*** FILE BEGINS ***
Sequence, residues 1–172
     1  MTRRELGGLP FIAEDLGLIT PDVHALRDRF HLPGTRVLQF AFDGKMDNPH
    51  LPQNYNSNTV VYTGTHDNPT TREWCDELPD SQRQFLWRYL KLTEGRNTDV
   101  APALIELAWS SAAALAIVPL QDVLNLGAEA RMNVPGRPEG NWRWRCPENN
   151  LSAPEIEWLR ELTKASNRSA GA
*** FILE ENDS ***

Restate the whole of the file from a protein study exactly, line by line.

Sequence, residues 1–172
     1  MTRRELGGLP FIAEDLGLIT PDVHALRDRF HLPGTRVLQF AFDGKMDNPH
    51  LPQNYNSNTV VYTGTHDNPT TREWCDELPD SQRQFLWRYL KLTEGRNTDV
   101  APALIELAWS SAAALAIVPL QDVLNLGAEA RMNVPGRPEG NWRWRCPENN
   151  LSAPEIEWLR ELTKASNRSA GA